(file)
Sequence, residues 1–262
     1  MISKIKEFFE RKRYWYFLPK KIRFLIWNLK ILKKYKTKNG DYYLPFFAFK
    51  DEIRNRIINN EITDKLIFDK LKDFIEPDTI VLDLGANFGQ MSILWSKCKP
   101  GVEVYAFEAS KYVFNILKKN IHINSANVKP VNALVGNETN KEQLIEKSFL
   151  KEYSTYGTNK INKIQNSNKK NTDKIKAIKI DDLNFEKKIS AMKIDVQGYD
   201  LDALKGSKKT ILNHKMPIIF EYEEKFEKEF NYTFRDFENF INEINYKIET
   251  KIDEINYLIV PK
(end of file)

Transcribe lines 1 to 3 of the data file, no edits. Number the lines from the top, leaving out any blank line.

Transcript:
Sequence, residues 1–262
     1  MISKIKEFFE RKRYWYFLPK KIRFLIWNLK ILKKYKTKNG DYYLPFFAFK
    51  DEIRNRIINN EITDKLIFDK LKDFIEPDTI VLDLGANFGQ MSILWSKCKP